Dom - Essen Cathedral

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Essen, Germany

Dom - Essen Cathedral Reviews

Kathrin_E Kathrin_E
312 reviews
Dom - Essen Cathedral Aug 26, 2010
Essen's history begins in the middle of the 9th century, 1000 years before the industrial revolution. Around 850 a convent of canonesses was founded here in a location by the Hellweg, an important trade route that leads along the Ruhr river. The convent owned the surrounding territory until 1803, the Prince Abbess was the head of state. This convent of aristocratic ladies, who were not nuns but canonesses, was one of the most exclusive and most influential in the Holy Roman Empire. Several abbesses were daughters or granddaughters of emperors and kings.

The church we now call the Dom was the church of the convent. Only in the 1950s it became the seat of a bishop when the new Bishopric of the Ruhr was founded, and thus a cathedral. „The Dom“ actually consists of two churches. The Romanesque and early gothic convent church is accompanied in the same axis by the slightly younger church of St Johann with the big steeple. The two churches are connected by a tiny atrium in between.

An oasis of tranquility (unless there is a big tour group around...): the cloister behind the Dom. One wing is still Romanesque, the others were renewed in gothic style in the later middle ages. The graves in the courtyard are those of post-war canons, priests and members of the cathedral chapter. World War II air raids that destroyed 90% of Essen's centre did not spare the church complex. Access is from inside the Dom and also from the street behind.

The oldest parts of the church are the early Romanesque Altfrid crypt, named after the bishop who founded the convent, underneath the choir and the western part of the nave, built in the 10th/11th century. The latter reveals a remarkable architecture and political intention to the trained eye: The nave ends in three sides of an octogon with two rows of arcades and a gallery - a copy of Charlemagne's cathedral in Aachen that was built 200 years earlier. The convent in Essen was closely related to and connected with the Ottonic dynasty who expressed their ambition as rightful successors of Charlemagne on the imperial throne.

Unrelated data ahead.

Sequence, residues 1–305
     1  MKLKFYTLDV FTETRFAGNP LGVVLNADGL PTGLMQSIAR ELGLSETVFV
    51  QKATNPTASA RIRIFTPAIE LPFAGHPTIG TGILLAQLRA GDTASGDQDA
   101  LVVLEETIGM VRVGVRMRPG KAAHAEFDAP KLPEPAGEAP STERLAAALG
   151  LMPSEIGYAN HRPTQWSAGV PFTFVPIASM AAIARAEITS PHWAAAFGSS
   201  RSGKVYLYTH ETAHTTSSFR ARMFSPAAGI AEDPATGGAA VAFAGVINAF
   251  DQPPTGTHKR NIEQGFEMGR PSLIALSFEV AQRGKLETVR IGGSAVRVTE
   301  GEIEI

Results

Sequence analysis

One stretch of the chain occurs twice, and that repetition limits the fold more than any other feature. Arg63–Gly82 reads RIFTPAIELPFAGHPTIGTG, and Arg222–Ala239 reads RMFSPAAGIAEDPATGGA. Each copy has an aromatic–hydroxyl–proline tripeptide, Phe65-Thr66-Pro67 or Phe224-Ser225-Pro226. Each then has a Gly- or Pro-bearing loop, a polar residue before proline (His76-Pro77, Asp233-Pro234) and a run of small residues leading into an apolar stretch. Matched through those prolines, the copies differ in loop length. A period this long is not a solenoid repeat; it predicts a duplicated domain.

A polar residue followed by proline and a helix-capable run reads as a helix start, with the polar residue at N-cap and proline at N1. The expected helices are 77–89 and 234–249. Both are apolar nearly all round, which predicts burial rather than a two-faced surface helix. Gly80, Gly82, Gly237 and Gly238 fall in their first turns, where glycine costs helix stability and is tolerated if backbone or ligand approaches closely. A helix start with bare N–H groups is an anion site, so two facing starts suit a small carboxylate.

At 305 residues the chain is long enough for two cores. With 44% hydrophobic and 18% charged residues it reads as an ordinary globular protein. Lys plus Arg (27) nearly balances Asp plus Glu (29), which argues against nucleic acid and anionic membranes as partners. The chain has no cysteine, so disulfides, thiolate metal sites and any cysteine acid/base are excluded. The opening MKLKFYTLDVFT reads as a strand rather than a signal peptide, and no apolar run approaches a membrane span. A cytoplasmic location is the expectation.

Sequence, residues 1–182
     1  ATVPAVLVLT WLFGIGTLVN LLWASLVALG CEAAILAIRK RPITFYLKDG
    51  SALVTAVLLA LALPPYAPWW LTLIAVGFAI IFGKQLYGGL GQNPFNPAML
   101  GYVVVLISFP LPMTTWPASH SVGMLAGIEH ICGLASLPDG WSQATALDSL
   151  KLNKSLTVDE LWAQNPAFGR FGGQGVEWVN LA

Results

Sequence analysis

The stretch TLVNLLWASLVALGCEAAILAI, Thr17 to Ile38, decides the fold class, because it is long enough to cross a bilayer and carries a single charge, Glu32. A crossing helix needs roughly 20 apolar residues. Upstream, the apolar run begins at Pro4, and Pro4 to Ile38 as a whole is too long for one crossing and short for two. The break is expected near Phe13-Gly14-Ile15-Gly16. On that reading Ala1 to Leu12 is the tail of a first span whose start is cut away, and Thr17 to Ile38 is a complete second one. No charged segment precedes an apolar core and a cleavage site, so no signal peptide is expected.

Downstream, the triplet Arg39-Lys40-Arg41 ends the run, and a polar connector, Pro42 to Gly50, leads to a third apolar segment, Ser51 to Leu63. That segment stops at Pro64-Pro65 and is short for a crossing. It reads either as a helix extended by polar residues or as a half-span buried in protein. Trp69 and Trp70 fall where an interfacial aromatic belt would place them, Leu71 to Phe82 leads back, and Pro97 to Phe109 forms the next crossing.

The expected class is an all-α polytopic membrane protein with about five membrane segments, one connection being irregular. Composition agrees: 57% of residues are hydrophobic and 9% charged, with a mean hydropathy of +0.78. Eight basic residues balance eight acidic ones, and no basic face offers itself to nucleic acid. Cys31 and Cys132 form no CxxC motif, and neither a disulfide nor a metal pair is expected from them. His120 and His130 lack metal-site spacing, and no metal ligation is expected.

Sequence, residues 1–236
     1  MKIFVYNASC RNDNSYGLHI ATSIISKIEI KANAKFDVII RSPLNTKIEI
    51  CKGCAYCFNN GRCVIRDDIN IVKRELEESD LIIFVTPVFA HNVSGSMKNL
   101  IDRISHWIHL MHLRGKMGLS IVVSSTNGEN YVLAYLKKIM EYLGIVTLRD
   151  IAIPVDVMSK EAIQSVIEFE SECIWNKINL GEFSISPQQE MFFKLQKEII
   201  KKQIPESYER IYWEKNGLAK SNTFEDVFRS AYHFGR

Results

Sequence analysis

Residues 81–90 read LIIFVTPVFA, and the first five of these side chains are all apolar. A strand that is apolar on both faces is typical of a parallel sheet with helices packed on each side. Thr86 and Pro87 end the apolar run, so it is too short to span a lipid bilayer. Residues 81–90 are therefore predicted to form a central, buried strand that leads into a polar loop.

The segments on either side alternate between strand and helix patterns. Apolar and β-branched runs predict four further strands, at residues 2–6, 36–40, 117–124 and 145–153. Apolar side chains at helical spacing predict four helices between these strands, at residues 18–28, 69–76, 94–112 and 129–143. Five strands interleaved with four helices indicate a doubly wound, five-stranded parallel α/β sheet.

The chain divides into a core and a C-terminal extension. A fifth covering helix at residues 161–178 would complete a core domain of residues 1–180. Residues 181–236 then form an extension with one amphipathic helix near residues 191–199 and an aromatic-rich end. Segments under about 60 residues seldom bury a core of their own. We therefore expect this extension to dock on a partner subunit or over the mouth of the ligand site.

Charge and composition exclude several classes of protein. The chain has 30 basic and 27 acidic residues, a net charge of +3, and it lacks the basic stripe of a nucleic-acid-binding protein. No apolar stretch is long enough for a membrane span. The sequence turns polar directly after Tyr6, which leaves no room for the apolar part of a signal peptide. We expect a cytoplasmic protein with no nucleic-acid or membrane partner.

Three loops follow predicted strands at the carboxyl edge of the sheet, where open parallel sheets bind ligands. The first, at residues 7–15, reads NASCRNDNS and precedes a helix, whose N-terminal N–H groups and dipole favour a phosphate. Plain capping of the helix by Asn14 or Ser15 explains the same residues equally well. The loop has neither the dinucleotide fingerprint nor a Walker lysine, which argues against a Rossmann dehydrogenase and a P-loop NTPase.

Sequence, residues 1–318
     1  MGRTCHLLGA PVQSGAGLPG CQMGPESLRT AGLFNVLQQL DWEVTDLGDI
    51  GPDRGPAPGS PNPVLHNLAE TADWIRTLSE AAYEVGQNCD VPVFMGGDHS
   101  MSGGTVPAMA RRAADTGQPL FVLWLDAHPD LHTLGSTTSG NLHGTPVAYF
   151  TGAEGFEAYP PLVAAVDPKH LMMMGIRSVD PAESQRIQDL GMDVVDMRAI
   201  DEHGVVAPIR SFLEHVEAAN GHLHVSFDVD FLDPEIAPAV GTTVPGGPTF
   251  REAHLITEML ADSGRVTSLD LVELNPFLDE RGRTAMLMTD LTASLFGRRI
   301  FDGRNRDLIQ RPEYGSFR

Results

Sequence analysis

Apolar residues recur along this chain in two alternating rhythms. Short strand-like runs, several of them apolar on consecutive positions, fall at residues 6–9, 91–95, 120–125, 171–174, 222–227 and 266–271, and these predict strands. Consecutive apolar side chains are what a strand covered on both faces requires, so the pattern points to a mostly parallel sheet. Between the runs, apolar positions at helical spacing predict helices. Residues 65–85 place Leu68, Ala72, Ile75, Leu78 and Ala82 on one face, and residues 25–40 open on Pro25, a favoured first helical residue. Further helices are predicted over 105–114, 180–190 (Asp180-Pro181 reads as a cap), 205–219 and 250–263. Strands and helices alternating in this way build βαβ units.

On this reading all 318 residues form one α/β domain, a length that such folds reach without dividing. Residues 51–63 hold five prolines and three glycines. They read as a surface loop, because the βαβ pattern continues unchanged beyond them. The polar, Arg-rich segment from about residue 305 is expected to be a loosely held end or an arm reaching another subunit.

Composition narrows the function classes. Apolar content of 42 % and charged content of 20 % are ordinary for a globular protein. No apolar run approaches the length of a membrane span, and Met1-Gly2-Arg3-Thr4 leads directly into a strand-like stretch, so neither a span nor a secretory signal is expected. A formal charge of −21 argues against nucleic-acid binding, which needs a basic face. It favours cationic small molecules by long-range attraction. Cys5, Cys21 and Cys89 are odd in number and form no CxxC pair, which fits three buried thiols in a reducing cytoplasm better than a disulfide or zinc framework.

The convent and the town of Essen were founded in 852 by Altfrid, the fourth Bishop of Hildesheim. After his death in 874 he was buried in the crypt underneath the altar of the church, and later sainted. The grave of Saint Altfrid is a pilgrimage destination. The crypt is one of the oldest preserved parts of the church. It is open to visit but meant for prayer and silence, so please keep quiet. Access is down the staircases beside the choir; I only found the door on the right side open.

A modern bronze statue in the corner between church and treasure chamber shows Saint Altfrid in the ornate of a Bishop, holding a model of the church he founded.

The crypt underneath the western end of the nave is a modern counterpart to the Altfrid crypt in the east. The so-called Adveniat crypt has been designed at the end of the 20th century. The structure must be much, much older, as it is underneath the Ottonic architecture that copies the cathedral of Aachen. The square room is turned into an octogon by the low vault and the benches. The altar in the middle is made from glass and almost entirely transparent. All surfaces of walls, vaults and pillars are covered in reliefs, made from a plaster/mortar-like material. They show scenes and symbold from the bible and lives of catholic saints, rich in number and details. The crypt contains the grave of Franz Cardinal Hengsbach, Bishop of Essen from 1958 to his death in 1991. Modern bishops still know about representation and burial places just like those in former eras. The entrance to the crypt is in the west of the nave behind the bronze chandelier down a few stairs.

The colourful, life-size statue of Franz Kardinal Hengsbach is a recent addition to the front yard of the cathedral. I spotted it in December 2012, during my visit in 2010 it had not yet been there.

Franz Hengsbach became the first bishop of the newly founded diocese of Essen in 1958. He stayed in office until 1991. In 1988 Pope John Paul II appointed him cardinal. During his long term in office he had great influence on the church in the Ruhr district. He died in 1991, a few months after his retirement at the age of 80. Not everyone was happy about everything he did, but Hengsbach earned himself lots of respect and trust due to his down-to-earth style, his deep connection with the Ruhrgebiet (his bishop's ring had no precious stone but a but of coal) and his interference in emergencies, like delivering the ransom to rescue Theo Albrecht, one of the Aldi brothers, from kidnappers. I am not sure how to explain the symbols of wolf and lamb by his feet.
Dom
Dom, interior
Dom, western part: a reminiscence …
Altfrid statue
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